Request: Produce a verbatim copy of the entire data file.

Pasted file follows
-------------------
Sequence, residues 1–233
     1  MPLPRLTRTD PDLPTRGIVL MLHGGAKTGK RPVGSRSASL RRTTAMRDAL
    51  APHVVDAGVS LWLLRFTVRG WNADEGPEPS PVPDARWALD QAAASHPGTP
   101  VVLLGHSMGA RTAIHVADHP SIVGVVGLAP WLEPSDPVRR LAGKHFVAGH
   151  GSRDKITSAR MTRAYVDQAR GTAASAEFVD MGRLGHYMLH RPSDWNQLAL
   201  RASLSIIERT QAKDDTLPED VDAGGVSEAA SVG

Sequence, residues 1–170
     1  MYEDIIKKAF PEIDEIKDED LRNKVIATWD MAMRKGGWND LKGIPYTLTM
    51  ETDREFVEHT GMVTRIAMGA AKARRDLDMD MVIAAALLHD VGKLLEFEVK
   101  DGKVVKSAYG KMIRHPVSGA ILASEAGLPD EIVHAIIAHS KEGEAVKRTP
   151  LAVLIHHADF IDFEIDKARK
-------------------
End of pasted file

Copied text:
Sequence, residues 1–233
     1  MPLPRLTRTD PDLPTRGIVL MLHGGAKTGK RPVGSRSASL RRTTAMRDAL
    51  APHVVDAGVS LWLLRFTVRG WNADEGPEPS PVPDARWALD QAAASHPGTP
   101  VVLLGHSMGA RTAIHVADHP SIVGVVGLAP WLEPSDPVRR LAGKHFVAGH
   151  GSRDKITSAR MTRAYVDQAR GTAASAEFVD MGRLGHYMLH RPSDWNQLAL
   201  RASLSIIERT QAKDDTLPED VDAGGVSEAA SVG

Sequence, residues 1–170
     1  MYEDIIKKAF PEIDEIKDED LRNKVIATWD MAMRKGGWND LKGIPYTLTM
    51  ETDREFVEHT GMVTRIAMGA AKARRDLDMD MVIAAALLHD VGKLLEFEVK
   101  DGKVVKSAYG KMIRHPVSGA ILASEAGLPD EIVHAIIAHS KEGEAVKRTP
   151  LAVLIHHADF IDFEIDKARK